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Re: learning programming

Glen Mehn <glen@squaretrade.com> writes:
GM> personal preference, I think. 
GM> And perl/python is apples and oranges: python is object oriented
GM> (like java, C++), while perl is more like C.
GM> A lot of people take issues with perl's lack of standards-- where
GM> {}, (), etc, may or may not be required.
GM> As to having {} and ;, it's a matter of the language structure,
GM> and that's all. Whether or not you use them is simply a matter of
GM> how you structure the language.

For someone who's just starting out, doing anything non-trivial in
Perl can be extremely confusing; there's a fundamental difference
between $foo{'bar'} and $foo->{'bar'}, and it's not obvious how they
relate to the variables $foo, @foo, and %foo (which are all

For someone who's just beginning, good language picks are probably:

-- Python: very simple language structure, little punctuation,
   reasonably high level of intuitiveness.  Free tools, good OO
   semantics, reasonable documentation.  http://www.python.org/

-- Java: C-like syntax (good if you eventually want to learn C),
   object-oriented with relatively sane semantics (good if you
   eventually want to learn C++).  Downsides are a lack of free tools
   and a fairly slow compile-execute cycle.  http://java.sun.com/

-- C: most Linux programs are actually written in C, so if you want to
   "hack on Linux stuff" you'll probably eventually want to learn C.
   Plusses: standardization, good books, ubiquity; minuses: pointers,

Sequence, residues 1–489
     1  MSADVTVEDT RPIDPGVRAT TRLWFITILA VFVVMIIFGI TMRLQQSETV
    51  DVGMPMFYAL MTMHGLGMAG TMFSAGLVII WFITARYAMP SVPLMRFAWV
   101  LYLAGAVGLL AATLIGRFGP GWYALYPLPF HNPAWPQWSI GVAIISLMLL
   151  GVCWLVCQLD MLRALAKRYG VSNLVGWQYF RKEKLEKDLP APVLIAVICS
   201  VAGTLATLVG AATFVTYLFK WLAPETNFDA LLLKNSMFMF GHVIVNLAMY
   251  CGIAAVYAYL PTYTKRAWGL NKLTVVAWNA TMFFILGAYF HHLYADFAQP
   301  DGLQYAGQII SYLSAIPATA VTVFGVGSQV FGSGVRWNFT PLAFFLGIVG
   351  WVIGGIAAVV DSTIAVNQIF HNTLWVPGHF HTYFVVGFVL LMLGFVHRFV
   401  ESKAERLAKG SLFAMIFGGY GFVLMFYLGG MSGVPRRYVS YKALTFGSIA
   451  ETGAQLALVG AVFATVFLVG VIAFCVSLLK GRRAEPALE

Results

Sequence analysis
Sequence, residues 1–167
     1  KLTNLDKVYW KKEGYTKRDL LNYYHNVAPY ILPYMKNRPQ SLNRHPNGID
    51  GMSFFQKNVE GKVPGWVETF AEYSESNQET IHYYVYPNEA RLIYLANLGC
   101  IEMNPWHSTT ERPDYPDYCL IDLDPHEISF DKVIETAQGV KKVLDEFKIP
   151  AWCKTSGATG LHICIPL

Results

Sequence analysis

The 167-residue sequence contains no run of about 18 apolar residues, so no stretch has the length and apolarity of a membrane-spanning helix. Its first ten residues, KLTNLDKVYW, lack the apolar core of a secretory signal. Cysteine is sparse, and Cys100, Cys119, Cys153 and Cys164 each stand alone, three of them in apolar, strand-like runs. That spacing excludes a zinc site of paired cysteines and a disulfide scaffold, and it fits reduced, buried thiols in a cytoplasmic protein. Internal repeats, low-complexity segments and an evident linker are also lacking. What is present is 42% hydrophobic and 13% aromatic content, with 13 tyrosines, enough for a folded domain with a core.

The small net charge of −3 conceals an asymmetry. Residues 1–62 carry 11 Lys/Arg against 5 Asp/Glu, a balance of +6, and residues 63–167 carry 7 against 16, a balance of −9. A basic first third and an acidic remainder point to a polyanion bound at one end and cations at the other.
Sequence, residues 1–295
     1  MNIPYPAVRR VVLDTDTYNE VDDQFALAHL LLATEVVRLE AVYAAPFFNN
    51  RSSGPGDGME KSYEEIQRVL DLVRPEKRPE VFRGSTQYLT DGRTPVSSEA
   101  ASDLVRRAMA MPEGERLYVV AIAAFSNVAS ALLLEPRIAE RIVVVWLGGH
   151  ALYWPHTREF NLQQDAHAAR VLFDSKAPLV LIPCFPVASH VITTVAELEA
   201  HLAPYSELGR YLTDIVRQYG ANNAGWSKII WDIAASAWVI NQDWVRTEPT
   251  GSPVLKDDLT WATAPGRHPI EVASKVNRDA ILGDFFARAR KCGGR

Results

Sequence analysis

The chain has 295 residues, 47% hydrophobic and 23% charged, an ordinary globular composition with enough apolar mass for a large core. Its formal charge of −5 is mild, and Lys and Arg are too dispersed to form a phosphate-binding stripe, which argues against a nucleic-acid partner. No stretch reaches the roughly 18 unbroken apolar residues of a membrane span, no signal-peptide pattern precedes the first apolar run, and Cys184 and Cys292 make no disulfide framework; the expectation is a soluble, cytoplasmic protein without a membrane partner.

explicit memory management.  No one Web site, but _The C
   Programming Language_ (Kernighan and Ritchie) is the canonical
   reference book, and isn't bad to learn from.

[1] In particular, if you don't know Perl already: $foo is a scalar
(number or string); @foo is an array of scalars; %foo is a
string-to-scalar hash table.  $foo[0] is the first element in the
array @foo, and $foo{'bar'} is the element referenced by the string
'bar' in the hash %foo.  A scalar can also be a reference to some
other variable, though (this is the only way to build nested data
structures); this is a similar concept to pointers in C, only more
hackish.  So if $foo is a reference to a hash, $foo->{'bar'} gets the
'bar' element from that hash, but not necessarily (though possibly)
the 'bar' element from %foo.

For contrast, in Python, you similarly have numbers, strings, arrays,
and "dictionaries".  The variable foo can be exactly one of these
types (or some other object type); foo[0] gets the first element of
foo, if foo is an array; foo['bar'] gets the element referenced by the
string 'bar' if foo is a dictionary.  There's none of the "well,
depending on the bit of punctuation afterwards, $foo could actually
reference pretty much anything" nature that Perl has.

Not, mind you, that it isn't useful to learn Perl; a fair number of
scripts, including many important things on a Debian system, are
written in Perl, and if what you're doing is vast amounts of
text-processing then it's even the right tool.  But IMHO the
documentation is hard to get around unless you know what you're
looking for; it's probably a poor first language, and a good third or
fourth one.

David Maze         dmaze@debian.org      http://people.debian.org/~dmaze/
"Theoretical politics is interesting.  Politicking should be illegal."
	-- Abra Mitchell

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